|28 Sep 2002 @ 21:52, by Kay Simmons|
University of California at Berkeley professor Tasios Melis
Researchers seeking another energy source to ease the world's
dependency on fossil fuels may have found a small answer to a
A microscopic green algae -- known to scientists as Chlamydomonas reinhardtii, and to regular folk as pond scum -- was discovered more than 60 years ago to split water into hydrogen and oxygen under controlled conditions. A recent breakthrough in controlling the algae's hydrogen yield has prompted a Berkeley, California, company to try to be first to commercialize production.
Algae: Power Plant of the Future? By John Gartner 2:00 a.m. Aug. 19, 2002 PDT
Energy experts -- who disagree on the when, but not the if, of the eventual depletion of fossil fuels -- are predicting that within decades the world will switch to a utopian hydrogen economy, where energy will be abundant, inexpensive and nonpolluting.
Hydrogen is used by fuel cells to generate electricity without generating those nasty greenhouse gases.
Hydrogen can be extracted from fossil fuels, but currently it's more expensive than directly using oil or natural gas, so this method is only a temporary fix. Water can be split into hydrogen and oxygen through electrolysis, but that requires electricity generated from fossil fuels, or from renewable sources such as wind or solar that are even more costly.
The potential of algae to be used as microscopic power plants was first discovered by Hans Gaffron, a German researcher who fled the Nazi party and came to the University of Chicago in the 1930s. Gaffron observed in 1939 that the algae would for a then-unknown reason sometimes switch from producing oxygen to instead creating hydrogen, but only for a short period of time.
For 60 years, researchers tried to harness the power potential of algae, without success.
A breakthrough came in 1999 when University of California at Berkeley professor Tasios Melis, along with researchers from the National Renewable Energy Lab, discovered that depriving the algae of sulfur and oxygen would enable it to produce hydrogen for sustained periods of time.
Melis was working on research for the U.S. Department of Agriculture, investigating how plants repaired themselves when damaged by conditions such as lack of sulfur, an ingredient necessary to make proteins.
Melis found that algae must eventually be supplied sulfur to survive, but he was able to repeatedly switch hydrogen production on and off by changing the algae's environment.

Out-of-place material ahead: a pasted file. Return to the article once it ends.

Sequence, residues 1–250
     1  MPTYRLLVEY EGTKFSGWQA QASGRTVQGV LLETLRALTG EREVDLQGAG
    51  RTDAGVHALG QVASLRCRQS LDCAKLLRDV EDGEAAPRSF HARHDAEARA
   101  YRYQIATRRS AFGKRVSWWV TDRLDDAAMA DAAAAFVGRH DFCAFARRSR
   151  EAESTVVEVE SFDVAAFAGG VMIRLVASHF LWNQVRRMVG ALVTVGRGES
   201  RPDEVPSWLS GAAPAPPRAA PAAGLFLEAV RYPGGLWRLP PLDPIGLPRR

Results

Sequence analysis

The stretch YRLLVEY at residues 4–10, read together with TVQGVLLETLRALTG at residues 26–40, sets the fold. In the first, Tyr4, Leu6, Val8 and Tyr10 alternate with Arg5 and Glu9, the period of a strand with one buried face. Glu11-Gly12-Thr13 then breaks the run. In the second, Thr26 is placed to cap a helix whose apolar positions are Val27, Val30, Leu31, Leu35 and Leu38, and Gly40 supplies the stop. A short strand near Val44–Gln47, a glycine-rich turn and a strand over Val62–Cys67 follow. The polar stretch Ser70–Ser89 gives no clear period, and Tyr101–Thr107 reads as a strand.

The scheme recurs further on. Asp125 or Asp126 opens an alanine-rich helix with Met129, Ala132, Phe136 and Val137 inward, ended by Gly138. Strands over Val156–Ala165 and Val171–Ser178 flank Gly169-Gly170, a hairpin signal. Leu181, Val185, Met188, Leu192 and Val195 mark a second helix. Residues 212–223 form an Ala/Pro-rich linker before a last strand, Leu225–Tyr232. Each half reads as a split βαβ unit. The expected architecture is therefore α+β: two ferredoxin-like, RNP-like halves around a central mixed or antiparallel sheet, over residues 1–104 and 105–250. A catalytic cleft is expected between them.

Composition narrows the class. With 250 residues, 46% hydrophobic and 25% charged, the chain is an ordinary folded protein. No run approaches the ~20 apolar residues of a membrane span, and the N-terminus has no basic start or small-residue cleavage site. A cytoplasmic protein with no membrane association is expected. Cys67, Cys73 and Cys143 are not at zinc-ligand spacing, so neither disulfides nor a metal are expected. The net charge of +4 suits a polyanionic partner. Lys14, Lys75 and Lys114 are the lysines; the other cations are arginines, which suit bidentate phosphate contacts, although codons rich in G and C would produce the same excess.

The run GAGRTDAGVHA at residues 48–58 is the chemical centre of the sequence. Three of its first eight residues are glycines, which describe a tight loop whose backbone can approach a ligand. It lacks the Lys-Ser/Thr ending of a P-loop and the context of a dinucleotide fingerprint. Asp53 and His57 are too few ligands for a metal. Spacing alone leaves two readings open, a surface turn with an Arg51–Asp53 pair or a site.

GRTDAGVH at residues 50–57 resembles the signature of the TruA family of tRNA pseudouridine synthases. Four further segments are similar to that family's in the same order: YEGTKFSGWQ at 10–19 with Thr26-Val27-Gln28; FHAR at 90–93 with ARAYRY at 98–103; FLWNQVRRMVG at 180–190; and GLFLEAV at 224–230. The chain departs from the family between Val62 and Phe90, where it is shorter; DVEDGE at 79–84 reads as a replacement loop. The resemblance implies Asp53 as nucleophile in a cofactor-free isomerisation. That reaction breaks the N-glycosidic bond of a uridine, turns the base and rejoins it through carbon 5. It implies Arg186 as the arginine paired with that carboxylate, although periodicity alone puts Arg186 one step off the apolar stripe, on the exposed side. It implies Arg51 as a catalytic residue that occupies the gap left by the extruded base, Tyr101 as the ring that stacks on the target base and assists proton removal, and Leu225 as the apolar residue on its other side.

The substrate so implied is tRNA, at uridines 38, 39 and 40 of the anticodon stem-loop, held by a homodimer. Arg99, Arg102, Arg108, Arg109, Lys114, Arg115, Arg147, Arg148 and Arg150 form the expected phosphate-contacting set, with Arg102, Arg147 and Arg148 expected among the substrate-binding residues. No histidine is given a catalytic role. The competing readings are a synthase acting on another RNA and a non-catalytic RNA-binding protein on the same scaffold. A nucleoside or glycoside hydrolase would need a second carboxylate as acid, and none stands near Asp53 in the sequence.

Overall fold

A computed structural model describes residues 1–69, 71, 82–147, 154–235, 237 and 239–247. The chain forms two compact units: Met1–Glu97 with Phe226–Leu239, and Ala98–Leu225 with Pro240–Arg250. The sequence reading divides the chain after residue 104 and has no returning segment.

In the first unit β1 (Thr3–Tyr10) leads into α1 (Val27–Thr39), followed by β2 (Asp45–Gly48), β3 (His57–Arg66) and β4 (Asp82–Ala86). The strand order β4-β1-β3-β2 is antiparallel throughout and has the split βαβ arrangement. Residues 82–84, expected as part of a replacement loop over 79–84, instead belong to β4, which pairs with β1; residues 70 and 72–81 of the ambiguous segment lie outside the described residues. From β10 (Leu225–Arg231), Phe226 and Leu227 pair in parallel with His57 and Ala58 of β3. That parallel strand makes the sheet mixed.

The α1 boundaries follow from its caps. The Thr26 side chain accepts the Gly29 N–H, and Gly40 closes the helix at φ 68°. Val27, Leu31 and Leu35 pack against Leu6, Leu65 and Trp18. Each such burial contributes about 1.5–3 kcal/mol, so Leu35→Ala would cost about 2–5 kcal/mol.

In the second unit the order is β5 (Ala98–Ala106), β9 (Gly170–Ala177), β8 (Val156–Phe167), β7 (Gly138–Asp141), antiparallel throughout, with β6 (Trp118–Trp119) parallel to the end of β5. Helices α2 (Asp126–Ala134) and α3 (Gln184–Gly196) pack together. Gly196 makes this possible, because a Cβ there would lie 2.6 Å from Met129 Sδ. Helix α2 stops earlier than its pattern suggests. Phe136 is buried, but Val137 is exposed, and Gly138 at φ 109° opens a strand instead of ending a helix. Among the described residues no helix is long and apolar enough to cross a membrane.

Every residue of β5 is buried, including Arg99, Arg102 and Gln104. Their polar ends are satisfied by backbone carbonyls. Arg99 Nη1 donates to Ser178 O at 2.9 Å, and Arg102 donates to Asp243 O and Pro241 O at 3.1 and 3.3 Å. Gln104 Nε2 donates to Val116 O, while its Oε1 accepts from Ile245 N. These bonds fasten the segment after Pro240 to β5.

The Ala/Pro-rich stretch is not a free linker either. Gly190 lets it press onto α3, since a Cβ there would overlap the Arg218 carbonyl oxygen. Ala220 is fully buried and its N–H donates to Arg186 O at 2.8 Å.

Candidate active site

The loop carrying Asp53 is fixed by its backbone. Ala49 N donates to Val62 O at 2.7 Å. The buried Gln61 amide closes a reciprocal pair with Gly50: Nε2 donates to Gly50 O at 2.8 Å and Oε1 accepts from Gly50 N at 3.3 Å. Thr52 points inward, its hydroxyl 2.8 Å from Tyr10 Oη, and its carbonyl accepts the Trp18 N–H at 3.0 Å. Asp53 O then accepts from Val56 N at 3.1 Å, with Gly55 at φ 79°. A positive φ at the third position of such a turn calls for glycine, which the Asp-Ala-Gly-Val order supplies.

Melis launched a company, Melis Energy, in 2001 to try to commercialize a technique that harnesses algae's ability to turn sunlight into hydrogen. In the fall of 2001, the company built a bioreactor containing 500 liters of water and algae that can produce up to 1 liter of hydrogen per hour. A siphoning system extracts the hydrogen, which is stored in its gaseous state.
The company is continuing to refine the process and improve its reliability, while also searching for investors so that it can increase production volume.
Melis was tight-lipped about projecting a date when the technology could be used for mass production.
He said that his team of researchers at Berkeley has thus far only been able to achieve 10 percent of the algae's theoretical production capacity, but in the near future he will publish an advancement for peer review.
Once the process reaches a 50 percent yield, Melis said it would be cost-competitive with fossil-fuel energy.
Because the algae require ample sunlight, Melis said the Southwest United States would be a likely region to build production facilities.
Being able to cost-effectively produce hydrogen from a renewable source "would grow demand for hydrogen extensively," said T. Nejat Veziroglu, president of the International Association for Hydrogen Energy.
Veziroglu said that if the United States had a Manhattan Project-like commitment to developing hydrogen production, it could create the necessary infrastructure within 20 years.
"If half the money being spent on terrorism was spent on hydrogen production, we'd have a permanent solution to terrorism," Veziroglu said, referring to the link between some oil-producing countries and terrorist activities.
Melis is one of many researchers around the world vying to reach hydrogen nirvana. Projects are also underway in England, Germany, Russia, France and New Zealand.
Fuel Cell Car Coasts Across U.S. By John Gartner Win a 50" HDTV or a Xerox Printer!
2:00 a.m. June 5, 2002 PDT WASHINGTON -- Call it the little fuel cell engine that could.
DaimlerChrysler's Necar 5 completed the first transcontinental journey of a fuel cell powered vehicle on Tuesday. Even its owners weren't sure the feat was possible, considering the technology's nascent state of development.
Although renewable-energy backers hailed the accomplishment, most agree that it's too early to tell when or if hydrogen will replace petroleum as the predominant source of transportation energy.